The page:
a single daffodil on an obscured field
Story

5 facts about lung cancer in Canada

For years, more Canadians have faced a lung cancer diagnosis than any other cancer. In 2020, it’s expected to continue to be the most commonly diagnosed cancer in males and females combined. This year alone, about 29,800 Canadians – or 81 people every day – will hear the words, “you have lung cancer.”

To better understand the impact of lung cancer in Canada, we released the Canadian Cancer Statistics: A 2020 special report on lung cancer in collaboration with the Public Health Agency of Canada and Statistics Canada. This report provides insights into incidence, mortality, survival and prevalence as well as important statistics on prevention, screening and disparities.

Find out what the key takeaways are and why they matter to us all.



1. Lung cancer is expected to be the leading cause of cancer death – causing more deaths than colorectal, pancreatic and breast cancers combined

Not only is lung cancer expected to be the most commonly diagnosed cancer in Canada this year, it is also the leading cause of cancer death. Lung cancer is expected to cause more deaths than the next 3 leading causes of cancer death (colorectal, pancreatic and breast) combined. About 1 in 4 of the estimated 83,300 cancer deaths in 2020 will be caused by lung cancer.

Although lung cancer survival in Canada is among the highest in the world, the 5-year-survival is still relatively low at only 19%.


A close up of a doctor and patient holding hands

2. About 49% of lung cancer cases are detected at stage 4 when it has already spread to other parts of the body 

Cancer stage helps describe how much cancer is in the body, where it is, whether it has spread (metastasized), and where it has spread using a number from 1 to 4. Stage 1 cancer is usually small and hasn’t spread outside of where it started. Stage 4 cancer is when cancer cells have spread to other distant parts of the body – often, making it more difficult to treat.

For people diagnosed with lung cancer, nearly half of the cases are caught at a late stage when cancer has already spread beyond the lungs. In the 2020 special report on lung cancer, we learn about 21% of lung cancer cases are detected at stage 1, 8% at stage 2, 20% at stage 3 and 49% at stage 4 (the stage for 2% of cases is unknown).


A close up of a man and woman hugging

3. Lung cancer survival is 71% when diagnosed early at stage 1

When lung cancer is found and treated early, the chances of successful treatment are better. Survival is 71% when lung cancer is diagnosed at stage 1 but decreases to 5% when diagnosed at stage 4.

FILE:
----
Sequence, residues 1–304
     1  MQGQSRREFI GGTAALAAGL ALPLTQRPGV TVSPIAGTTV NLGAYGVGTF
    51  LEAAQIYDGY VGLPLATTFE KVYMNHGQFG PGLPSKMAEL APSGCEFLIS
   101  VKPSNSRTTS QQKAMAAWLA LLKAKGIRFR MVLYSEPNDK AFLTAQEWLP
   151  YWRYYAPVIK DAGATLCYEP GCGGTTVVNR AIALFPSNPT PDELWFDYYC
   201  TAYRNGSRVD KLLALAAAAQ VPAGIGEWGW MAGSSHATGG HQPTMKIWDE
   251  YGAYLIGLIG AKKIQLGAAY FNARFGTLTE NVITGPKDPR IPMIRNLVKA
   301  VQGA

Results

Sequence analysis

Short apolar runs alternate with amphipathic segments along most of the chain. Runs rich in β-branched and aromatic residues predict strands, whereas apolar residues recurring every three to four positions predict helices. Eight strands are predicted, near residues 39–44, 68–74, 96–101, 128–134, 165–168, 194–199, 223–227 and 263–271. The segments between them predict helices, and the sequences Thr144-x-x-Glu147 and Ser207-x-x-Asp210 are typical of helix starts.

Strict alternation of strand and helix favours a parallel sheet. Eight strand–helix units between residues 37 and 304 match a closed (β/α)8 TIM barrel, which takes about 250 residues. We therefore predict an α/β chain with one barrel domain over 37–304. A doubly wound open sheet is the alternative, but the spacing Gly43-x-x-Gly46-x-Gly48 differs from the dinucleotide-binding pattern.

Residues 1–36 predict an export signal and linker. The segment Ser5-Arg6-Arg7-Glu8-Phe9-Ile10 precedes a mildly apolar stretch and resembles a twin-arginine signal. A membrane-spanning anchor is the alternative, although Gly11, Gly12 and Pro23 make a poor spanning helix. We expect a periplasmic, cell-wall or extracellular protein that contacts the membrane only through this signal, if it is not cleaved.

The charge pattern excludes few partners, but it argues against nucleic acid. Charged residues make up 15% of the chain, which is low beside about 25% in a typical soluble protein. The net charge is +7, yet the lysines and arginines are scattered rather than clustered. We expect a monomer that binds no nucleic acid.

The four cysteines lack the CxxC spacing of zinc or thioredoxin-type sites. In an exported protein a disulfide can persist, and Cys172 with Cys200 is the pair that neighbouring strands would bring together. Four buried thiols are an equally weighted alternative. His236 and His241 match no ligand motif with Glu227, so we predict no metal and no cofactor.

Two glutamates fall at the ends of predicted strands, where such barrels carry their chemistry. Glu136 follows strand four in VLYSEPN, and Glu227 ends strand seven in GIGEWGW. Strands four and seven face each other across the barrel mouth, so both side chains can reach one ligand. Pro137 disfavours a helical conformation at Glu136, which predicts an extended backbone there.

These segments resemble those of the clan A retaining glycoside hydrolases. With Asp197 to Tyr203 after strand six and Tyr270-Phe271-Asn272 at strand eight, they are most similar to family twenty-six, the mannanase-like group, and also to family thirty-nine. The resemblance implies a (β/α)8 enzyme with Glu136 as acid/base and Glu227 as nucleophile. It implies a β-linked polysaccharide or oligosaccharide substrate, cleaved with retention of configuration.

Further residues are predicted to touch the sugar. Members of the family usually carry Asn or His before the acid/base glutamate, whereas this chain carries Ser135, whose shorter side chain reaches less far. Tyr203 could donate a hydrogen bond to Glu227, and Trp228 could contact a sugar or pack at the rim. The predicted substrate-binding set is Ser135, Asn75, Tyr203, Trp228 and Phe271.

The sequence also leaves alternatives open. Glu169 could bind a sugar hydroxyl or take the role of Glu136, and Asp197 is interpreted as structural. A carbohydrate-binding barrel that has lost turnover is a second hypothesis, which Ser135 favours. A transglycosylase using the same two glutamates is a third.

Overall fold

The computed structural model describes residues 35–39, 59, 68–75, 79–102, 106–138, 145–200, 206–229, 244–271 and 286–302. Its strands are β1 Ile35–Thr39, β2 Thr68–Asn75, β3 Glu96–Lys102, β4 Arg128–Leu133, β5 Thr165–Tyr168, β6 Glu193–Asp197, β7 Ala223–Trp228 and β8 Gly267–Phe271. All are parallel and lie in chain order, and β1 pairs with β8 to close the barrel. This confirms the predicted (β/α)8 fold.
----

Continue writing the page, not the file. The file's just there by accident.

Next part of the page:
It’s important to get regular health checkups and see your doctor if you have any symptoms or are worried about your health. Knowing what is normal for you helps you notice changes. When you notice something different about your body, get it checked out sooner rather than later.

Although some people are being screened for lung cancer in Canada, there are currently no organized lung cancer screening programs. However British Columbia just announced the first organized lung cancer screening program in Canada last month with plans to start screening by spring 2022.


A cancer patient being hugged by their caregiver

4. About 86% of lung cancer cases are due to modifiable risk factors – making it one of the most preventable cancers 

There are things we eat, drink, breathe and do that affect our cancer risk. By making healthy choices and protecting ourselves where we live, work and play, we can reduce our risk for certain cancers – including lung cancer.

About 86% of lung cancer cases are caused by risk factors that we can change, making it one of the most preventable cancers in Canada.

While tobacco smoking has decreased dramatically over the last 50 years, tobacco is still the leading risk factor for lung cancer, accounting for about 72% of all cases in 2020. Other risk factors like physical inactivity, exposure to radon gas, asbestos and air pollution put Canadians at increased risk for lung cancer too.


A close up of a cigarette being broken

5. People with lower incomes have poorer survival outcomes for lung cancer

The more we understand about inequity and its impact on people affected by cancer, the better positioned we are to address it. With new data on income and other socio-economic factors, findings in this year’s special report on lung cancer reveal the disparity when it comes to lung cancer survival.

People with lower incomes are more likely to be diagnosed with lung cancer at a late stage than people of higher incomes. Additionally, they often have poorer survival outcomes, even when they are diagnosed at the same stage as people with higher incomes.

The underlying issues for these inequities are explored further in the Canadian Partnership Against Cancer’s report, Lung cancer and equity: A focus on income and geography.


A woman speaking with her doctor while a man places his hand on her shoulder

With lung cancer continuing to be the most commonly diagnosed cancer among Canadians and the leading cause of cancer death in 2020, we all have a reason to care about the impact of this disease.

These key facts and other notable findings from Canadian Cancer Statistics: A 2020 special report on lung cancer provide important information that highlights the critical need for change. Working together, we can enhance lung cancer prevention efforts, implement organized lung cancer screening, improve treatment, increase access to support and treatment for all Canadians no matter their income or location, and reduce lung cancer stigma.

Learn more by reading the full report or viewing our downloadable, one-page infographic.